Writer Emily Hahn – known to her friends as Mickey – traveled from the USA to China in 1935 and she didn’t come home until she was repatriated – with her daughter – in 1943.
She hadn’t intended to stay for so long, but she found so many reasons to stay and establish a life there.
She was offered an interesting job, in newspaper journalism; and that led her into a business partnership and a romantic alliance with her – married – Chinese publisher.
She mixed with the rich and powerful, mainly British and other European expatriates.
She found and furnished an apartment in Shanghai’s red light district, and she kept a pet gibbon who she named Mr. Mills and who often accompanied her to social events.
Starting to read this book was a little like stepping into a party not knowing any of the other guests and catching the voice of a warm and witty raconteur with a great deal to talk about. I can’t say that I got the whole story straight, but I picked up lots of details and I was intrigued.
That might have happened because the author was a columnist for the New Yorker and was writing for an audience who already knew the shape of her story; it might be because she was anxious to publish this account but wary of saying too much during the war; and it could be significant that she had a serious opium habit for the first few years she spent in China ….
As time passed key events became a little clearer.
Mickey was commissioned to write a book about the three famous Soong sisters. Each sister had married a prominent Chinese men – military leader Chiang Kai-shek, revolutionary Sun Yat-sen, and wealthy finance minister Kung Hsiang-hsi – and each had used that to establish their own position of power and influence.
She traveled inland to the mountainous city of Chungking to interview the first of trio, and gaining her confidence and trust opened the doors she needed opening to complete her book.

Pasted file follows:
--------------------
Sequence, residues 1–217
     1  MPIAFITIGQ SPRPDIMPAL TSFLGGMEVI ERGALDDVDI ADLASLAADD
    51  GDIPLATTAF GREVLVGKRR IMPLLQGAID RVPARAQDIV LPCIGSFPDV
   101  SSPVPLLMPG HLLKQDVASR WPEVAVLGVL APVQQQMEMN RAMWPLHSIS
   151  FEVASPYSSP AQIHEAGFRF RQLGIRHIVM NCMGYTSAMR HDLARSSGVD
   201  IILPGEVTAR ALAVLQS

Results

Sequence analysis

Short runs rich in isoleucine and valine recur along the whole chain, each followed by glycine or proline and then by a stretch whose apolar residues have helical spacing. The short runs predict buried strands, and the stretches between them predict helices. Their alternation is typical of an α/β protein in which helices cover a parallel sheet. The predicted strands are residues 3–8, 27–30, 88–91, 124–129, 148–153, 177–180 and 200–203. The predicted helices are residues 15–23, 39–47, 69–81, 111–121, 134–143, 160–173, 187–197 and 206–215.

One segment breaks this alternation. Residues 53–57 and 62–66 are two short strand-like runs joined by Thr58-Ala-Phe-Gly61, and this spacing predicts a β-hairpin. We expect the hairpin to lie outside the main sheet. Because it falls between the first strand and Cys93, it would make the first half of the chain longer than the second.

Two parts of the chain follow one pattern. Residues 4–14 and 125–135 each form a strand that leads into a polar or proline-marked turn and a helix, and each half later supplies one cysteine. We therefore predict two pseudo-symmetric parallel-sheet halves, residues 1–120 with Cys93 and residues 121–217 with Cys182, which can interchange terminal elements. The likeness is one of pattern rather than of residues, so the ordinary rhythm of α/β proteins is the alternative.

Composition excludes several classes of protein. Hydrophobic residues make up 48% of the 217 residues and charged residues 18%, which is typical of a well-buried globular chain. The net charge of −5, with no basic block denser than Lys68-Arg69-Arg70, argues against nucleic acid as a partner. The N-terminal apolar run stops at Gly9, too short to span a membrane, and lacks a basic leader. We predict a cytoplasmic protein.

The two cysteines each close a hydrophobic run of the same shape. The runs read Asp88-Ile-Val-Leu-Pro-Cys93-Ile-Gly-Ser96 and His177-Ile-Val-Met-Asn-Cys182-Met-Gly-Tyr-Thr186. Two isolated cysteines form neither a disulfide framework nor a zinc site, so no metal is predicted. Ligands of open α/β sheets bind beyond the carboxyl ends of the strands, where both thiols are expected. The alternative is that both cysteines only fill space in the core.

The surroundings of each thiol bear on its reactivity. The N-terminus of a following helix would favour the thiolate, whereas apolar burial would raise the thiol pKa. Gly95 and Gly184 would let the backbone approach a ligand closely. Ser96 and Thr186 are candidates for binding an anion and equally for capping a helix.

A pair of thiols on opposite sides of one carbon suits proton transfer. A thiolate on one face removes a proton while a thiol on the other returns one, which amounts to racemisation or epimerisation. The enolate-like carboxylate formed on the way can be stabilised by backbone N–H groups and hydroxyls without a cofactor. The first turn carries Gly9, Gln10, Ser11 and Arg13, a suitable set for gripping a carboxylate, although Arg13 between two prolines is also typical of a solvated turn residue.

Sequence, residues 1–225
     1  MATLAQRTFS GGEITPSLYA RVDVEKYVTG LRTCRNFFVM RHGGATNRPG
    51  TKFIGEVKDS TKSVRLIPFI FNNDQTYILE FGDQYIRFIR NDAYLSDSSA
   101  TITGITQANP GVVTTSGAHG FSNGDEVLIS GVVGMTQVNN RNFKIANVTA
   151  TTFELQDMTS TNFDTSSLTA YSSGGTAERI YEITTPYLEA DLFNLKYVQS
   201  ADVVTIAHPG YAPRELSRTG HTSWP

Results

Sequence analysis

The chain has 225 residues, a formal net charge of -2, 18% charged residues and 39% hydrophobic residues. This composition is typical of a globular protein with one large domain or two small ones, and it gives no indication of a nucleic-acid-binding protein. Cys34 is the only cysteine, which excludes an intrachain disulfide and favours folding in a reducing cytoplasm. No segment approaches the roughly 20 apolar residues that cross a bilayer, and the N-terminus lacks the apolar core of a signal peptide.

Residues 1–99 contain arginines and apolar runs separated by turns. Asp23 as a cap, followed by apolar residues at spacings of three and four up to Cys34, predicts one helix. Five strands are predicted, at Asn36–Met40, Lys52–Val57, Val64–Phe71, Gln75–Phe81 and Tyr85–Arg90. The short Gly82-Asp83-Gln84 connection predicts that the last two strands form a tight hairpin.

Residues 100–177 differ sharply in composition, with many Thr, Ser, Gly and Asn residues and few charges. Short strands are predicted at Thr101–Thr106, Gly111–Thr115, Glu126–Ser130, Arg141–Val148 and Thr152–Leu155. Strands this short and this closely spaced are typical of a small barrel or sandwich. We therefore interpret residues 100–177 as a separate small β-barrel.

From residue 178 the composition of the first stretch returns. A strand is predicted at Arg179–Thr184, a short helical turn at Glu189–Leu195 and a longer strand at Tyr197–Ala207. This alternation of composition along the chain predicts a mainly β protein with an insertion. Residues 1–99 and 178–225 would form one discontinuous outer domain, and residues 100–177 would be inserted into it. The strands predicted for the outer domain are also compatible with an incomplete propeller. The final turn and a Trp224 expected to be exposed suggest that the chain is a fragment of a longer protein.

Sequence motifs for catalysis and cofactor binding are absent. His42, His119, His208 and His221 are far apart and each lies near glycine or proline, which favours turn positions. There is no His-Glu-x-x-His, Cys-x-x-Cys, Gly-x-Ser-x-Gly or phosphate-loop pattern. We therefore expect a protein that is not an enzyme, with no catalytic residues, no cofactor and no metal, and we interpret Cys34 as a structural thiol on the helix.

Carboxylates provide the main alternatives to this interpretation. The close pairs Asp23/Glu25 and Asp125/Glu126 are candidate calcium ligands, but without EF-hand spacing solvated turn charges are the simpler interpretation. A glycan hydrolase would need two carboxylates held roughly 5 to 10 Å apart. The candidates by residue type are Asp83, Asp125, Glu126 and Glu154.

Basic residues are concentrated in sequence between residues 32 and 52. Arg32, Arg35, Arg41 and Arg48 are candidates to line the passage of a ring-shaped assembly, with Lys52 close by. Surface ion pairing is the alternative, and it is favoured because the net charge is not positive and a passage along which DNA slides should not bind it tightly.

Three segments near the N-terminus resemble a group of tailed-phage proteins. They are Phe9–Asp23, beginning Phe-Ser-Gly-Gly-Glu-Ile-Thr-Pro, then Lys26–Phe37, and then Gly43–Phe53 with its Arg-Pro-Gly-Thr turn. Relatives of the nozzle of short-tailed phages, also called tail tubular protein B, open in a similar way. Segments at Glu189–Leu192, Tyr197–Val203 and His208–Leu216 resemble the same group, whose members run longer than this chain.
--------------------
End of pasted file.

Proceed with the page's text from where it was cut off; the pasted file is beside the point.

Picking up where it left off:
There isn’t a great deal about the sisters in this book but there was enough to pique my curiosity, and to make me very glad that I have a copy of that book.
Then Mickey moved to Hong Kong. She began an affair with the local head of British army intelligence and she gave birth to their baby. That was planned, because she thought that a baby would steady her and he agreed ….
She was still in Hong Kong when the Japanese invaded – on the same day that they attacked Pearl Harbor. That raised this book from interesting to compelling, as she vividly describes of the confusion, the uncertainty, the deprivation and the fear of living under enemy rule. She struggled to feed and care for her infant daughter and to make sure her that her lover, who was a hospital-bound prisoner, had the food and medicine that he needed.
The book closes in 1943 when Mickey is repatriated to the US with her daughter; the outcome of the war and the fate of the man she loved still uncertain.
Emily Hahn was a proud feminist and fearless traveler, and the kind of woman who lived life as she felt it ought to be lived without waiting for the rules to be changed. That made her wonderful company, but it was her skill as a writer and her interest in the people around her that really elevated this memoir. She made clear and insightful observations about the people around her – and herself and how they dealt with cultural differences, the changes that politics and the war brought, and all of life’s ups and downs.
You won’t find a comprehensive account of the history that Emily Hahn lived through in this book, you won’t find much at all about people outside her social circle; and there is so much detail in more than four hundred pages that I can’t say that I took it all in. But I can say that those pages weren’t enough, because brought her own life back to life on the page so vividly and she really made me understand what it was like to be in her position.
I was sorry to part company, but I did understand that the book had reached a natural end.